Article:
Review: The Bacchae


Originally reviewed for

Avant garde director JoAnne Akalaitis, who has a long and ambivalent history with the Public Theatre (she was its Artistic Director for one controversial, embattled season after founder Joe Papp died), returns from an absence of many years to direct Euripides’ ancient Greek tragedy The Bacchae, a sexy, violent and haunting tale of unbending hyper-masculinity undone by a powerful, androgynous, merciless god.

In The Bacchae, Pentheus, king of Thebes, seeks to suppress the worship of Dionysos, god of wine and the theatre, who has possessed the city’s women, including his mother. The offended god offers Pentheus repeated opportunities to relent, but when he doesn’t Dionysos swears his own unrelenting vengeance.

The two primary pleasures of this production are a lush score by Phillip Glass, and a sensuous yet chilling portrayal of Dionysos from Jonathan Groff. Glass’s propulsive music for small ensemble and female chorus gives you a fantastic sense of what the Greek choruses of Euripides’ own time were like. Every word is crystal clear, thanks to Glass’s clean and minimalist style, and yet the music is forceful enough to really fill the Delacorte amphitheatre.

Groff, best know for his work in musicals, also sings small snatches of Glass’s music, often in an ethereal falsetto. He gets a lot of things just right: Dionysos is described as having flashing eyes, and even when you can’t see Groff’s eyes, you can feel him shoot razor-sharp glances to the last row. The sensuality, the wicked sideways smile, its all there in spades (his laughter is the only part that rings a bit false—it should send a chill up your spine, but in the performance I saw it came off a bit “mad scientist”).

Akalaitis’s production leans heavily on its marvellous score and star; the rest of it feels a bit stiffly Modernist, all hard angles where it should be enticing and malevolent shadows. Still, it’s the most hard-hitting show to be staged at the Delacorte in years, and deserves to be seen by just as many people as was the star-studded Twelfth Night.

For tickets, click here.

Add to FacebookAdd to DiggAdd to Del.icio.usAdd to StumbleuponAdd to RedditAdd to BlinklistAdd to TwitterAdd to TechnoratiAdd to FurlAdd to Newsvine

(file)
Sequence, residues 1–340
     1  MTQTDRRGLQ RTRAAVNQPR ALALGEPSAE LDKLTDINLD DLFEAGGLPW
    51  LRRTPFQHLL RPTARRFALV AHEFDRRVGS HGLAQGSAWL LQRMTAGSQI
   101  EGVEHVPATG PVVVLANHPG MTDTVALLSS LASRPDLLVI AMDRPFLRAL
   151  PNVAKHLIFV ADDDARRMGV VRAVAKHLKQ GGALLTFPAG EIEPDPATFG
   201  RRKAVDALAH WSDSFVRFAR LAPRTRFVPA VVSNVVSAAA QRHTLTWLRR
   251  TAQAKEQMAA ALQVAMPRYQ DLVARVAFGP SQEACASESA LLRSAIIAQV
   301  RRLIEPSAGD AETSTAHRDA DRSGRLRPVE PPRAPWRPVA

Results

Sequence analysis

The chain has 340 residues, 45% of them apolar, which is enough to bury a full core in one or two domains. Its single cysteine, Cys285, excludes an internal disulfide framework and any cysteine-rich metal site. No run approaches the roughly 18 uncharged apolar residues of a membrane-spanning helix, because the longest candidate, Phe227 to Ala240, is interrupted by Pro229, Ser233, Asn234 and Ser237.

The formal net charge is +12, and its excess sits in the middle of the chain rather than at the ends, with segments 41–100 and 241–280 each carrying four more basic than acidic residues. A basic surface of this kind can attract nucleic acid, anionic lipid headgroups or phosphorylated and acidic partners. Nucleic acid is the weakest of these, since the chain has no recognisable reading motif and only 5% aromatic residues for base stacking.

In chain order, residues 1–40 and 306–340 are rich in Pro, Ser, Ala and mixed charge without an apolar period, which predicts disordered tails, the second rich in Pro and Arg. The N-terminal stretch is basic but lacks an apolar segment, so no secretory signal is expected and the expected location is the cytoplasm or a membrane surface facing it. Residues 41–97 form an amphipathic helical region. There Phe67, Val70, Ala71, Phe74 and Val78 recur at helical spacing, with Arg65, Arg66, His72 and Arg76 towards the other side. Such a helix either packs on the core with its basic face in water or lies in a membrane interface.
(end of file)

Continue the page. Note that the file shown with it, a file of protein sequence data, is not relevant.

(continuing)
Review: Avenue Q


Originally reviewed for

Six years on, and soon to close, Avenue Q is still an extraordinary pleasure. Even though in some ways it’s an intimate, puppet-scaled show, it has such raucous comedy and raunchy energy that it easily projects to the back of Broadway’s Golden Theatre.

In case you don’t know, the musical follows recent college graduate Princeton (originally played by sexy out actor John Tartaglia, now played by the cute-in-a-different-way Robert McClure) as he looks for his “purpose” in New York’s outer boroughs. Audiences are still going wild for it; who knew this nutty show would find such a warm—and commercially successful—reception.

As an added bonus, the production’s original Japan-o-fabulous Christmas Eve, Ann Harada (recently of 9 to 5), is back in the show until it closes. Her contributions to “Everyone’s A Little Bit Racist” and her big solo “The More You Ruv Someone” are definitely still high points of today’s Avenue Q.

In a way, Avenue Q opened the door on Broadway for other adventurous shows like Spring Awakening and Next to Normal in a more immediate way than even Rent did. Plus the creative team—Robert Lopez and Jeff Marx, music and lyrics and Jeff Whitty, book—have continued to work hard and tighten the show. A new arrangement here, an expanded or cut line there, small but important adjustments that add up to an even funnier and more moving show. You must see this fantastic musical before it’s gone!

For tickets, click here.

Add to FacebookAdd to DiggAdd to Del.icio.usAdd to StumbleuponAdd to RedditAdd to BlinklistAdd to TwitterAdd to TechnoratiAdd to FurlAdd to Newsvine

Review: Klea Blackhurst

KleaBlackhurst-MermanShow-2Originally reviewed for

Singing like Ethel Merman comes very naturally to Klea Blackhurst. Ethel’s voice was one of very few singing voices she heard in her early childhood, so she thought all singers sounded like that. As a result, in Everything the Traffic Will Allow: The Songs and Sass of Ethel Merman, Blackhurst’s oversized cabaret tribute to La Merm, she never stoops to mere imitation or any kind of aping parody of Merman’s more obvious mannerisms. She simply and naturally inhabits the spectacular sunrise-like open-throated style of singing that Merman brought to life.

As such, Blackhurst gives you some inkling of what Merman meant to “The Great American Songbook,” as the woman who became a star when she introduced the Gershwins’ “I Got Rhythm” to its first Broadway audiences in 1930—and then went on to become a favorite of such diverse (and great) composers as Berlin, Porter, Rodgers and Hart, right down to such still-living masters as Jerry Herman and Stephen Sondheim.